Consult with one of our Workers’ Compensation lawyers before you sign any documents placed before you by your employer or the insurance carrier.
Unfortunately, you can no longer count on your employer to do the right thing. In fact, you may be pressured to make decisions on your own that irreversibly harm your claim or limit its potential for cash benefits. Alternatively, you may be placed in a position in conflict with your employer, which might jeopardize your ability to return to work if and when you recover from your injuries. An experienced Workers’ Compensation lawyer can help.
How Long Do Workers’ Compensation Benefits Last in PA?
Workers’ comp is not “one size fits all,” but rather, tailored individually to each injury victim’s situation. Some claimants continue to receive Workers’ Compensation benefits for many years, while others receive benefits for a shorter period of time.
The maximum amount of time you can receive Workers’ Compensation benefits in Pennsylvania is up to 500 weeks, or about nine and a half years, if you were partially disabled by the accident. In other instances, the claimant can continue to receive benefits for the rest of his or her life. The amount of time that you will receive benefits depends on factors such as:
- The nature and severity of your workplace injury.
- The extent to which you were disabled by your injury.
- When and whether you recover to the point where you are able to return to work.
Several different types of benefits may be available to you, depending on the effects of the injury or accident. Types of Workers’ Compensation benefits in Delaware County include:
- Death Benefits – Death benefits provide support for the surviving loved ones of an employee who was killed in a fatal work accident.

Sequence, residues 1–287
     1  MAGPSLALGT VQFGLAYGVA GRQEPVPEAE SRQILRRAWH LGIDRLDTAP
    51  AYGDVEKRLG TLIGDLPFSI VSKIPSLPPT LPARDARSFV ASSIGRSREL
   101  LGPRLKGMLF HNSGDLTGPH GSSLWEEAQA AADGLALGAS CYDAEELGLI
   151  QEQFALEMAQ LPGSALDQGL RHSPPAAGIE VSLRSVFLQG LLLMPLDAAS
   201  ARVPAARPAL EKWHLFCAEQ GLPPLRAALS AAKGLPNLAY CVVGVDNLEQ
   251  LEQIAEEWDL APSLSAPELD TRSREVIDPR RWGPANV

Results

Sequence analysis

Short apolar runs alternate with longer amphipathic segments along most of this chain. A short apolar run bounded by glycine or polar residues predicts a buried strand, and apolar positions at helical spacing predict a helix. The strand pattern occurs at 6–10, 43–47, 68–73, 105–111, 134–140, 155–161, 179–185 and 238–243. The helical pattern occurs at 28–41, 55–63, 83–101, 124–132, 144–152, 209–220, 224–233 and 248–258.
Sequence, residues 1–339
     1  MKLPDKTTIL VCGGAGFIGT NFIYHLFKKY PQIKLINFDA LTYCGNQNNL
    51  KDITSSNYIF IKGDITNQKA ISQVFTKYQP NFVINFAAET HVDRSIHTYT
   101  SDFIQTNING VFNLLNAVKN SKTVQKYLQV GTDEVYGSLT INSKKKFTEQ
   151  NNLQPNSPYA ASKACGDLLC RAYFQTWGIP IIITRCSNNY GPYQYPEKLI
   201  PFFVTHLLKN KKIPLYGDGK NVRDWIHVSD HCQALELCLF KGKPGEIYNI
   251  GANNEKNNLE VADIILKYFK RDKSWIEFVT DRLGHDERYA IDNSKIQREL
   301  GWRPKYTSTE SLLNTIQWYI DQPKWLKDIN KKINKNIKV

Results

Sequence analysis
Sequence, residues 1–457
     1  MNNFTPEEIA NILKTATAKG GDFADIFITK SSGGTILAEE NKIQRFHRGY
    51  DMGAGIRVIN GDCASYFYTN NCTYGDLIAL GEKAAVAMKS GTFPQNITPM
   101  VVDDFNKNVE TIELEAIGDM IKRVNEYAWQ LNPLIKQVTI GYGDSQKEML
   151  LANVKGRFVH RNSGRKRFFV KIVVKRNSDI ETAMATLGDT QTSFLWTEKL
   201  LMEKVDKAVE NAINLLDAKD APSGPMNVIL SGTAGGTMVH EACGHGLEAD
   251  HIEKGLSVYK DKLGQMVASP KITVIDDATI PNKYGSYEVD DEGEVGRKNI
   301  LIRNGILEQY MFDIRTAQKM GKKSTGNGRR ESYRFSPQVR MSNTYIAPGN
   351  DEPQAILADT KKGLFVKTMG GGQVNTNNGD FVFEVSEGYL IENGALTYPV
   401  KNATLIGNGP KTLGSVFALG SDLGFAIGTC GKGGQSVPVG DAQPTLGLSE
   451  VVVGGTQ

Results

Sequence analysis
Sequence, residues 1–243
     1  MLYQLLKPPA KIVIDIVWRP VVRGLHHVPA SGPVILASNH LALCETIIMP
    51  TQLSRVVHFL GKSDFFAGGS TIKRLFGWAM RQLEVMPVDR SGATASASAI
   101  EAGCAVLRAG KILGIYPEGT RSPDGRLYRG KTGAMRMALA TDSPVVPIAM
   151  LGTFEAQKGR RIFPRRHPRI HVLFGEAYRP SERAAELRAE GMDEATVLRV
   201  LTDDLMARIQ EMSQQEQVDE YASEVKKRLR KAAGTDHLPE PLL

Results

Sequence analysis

- Medical Care Benefits – Medical care benefits pay for “reasonable” medical treatment, such as stitches to close a laceration from a workplace accident.
- Specific Loss Benefits – Specific loss benefits may be available to employees who become permanently disabled or permanently disfigured due to a workplace injury – for example, the loss of a finger, thumb, hand, toe, foot, arm, or leg to an amputation accident.
- Wage-Loss Benefits – Wage-loss benefits are payments that help compensate employees for lost wages while they are recovering and unable to work. Wage-loss benefits are available for both totally disabled employees and partially disabled employees.
Our Delaware County Workers’ Compensation Lawyers Can Help
It is not unusual for people who have worked in Pennsylvania for decades to be unfamiliar with terms such as wage loss benefits, specific loss benefits, or dependency claims. Even if you have heard the terms, there is no reason to expect that you will be able to protect your rights with regard to medical benefits, lump sum settlement, or a death claim without guidance. In addition, issues of third party claims and subrogation often complicate Workers’ Compensation claims further.
If you or a loved one has been injured or killed due to a workplace incident, you may be too preoccupied with the emotional aspects of the aftermath to think clearly and fully grasp the nuances of Pennsylvania Workers’ Compensation law. The experienced Workers’ Compensation lawyers at the law firm of Lerner, Steinberg & Associates would be glad to take the reins for you in maneuvering through the Workers’ Compensation system, and to ensure the maximum possible benefits to which you are entitled.
Your adversaries—your employer and the insurance carrier—may try to commandeer your treatment by suggesting which doctor you should use, even when you meet the criteria to choose your own doctor right from the start. The carrier may miscalculate the benefits amount, even if inadvertently. An accident involving an amputation or the loss of a limb is calculated using a different method that is not necessarily logical, again raising the possibility for error. If you require surgery due to your work-related accident, there is the chance that you will be eligible for more benefits down the road for scarring or disfigurement caused by the operation, but you need to know that those benefits exist. Let our Workers’ Compensation lawyers guide you through any and all issues that may arise with your workplace injury claim.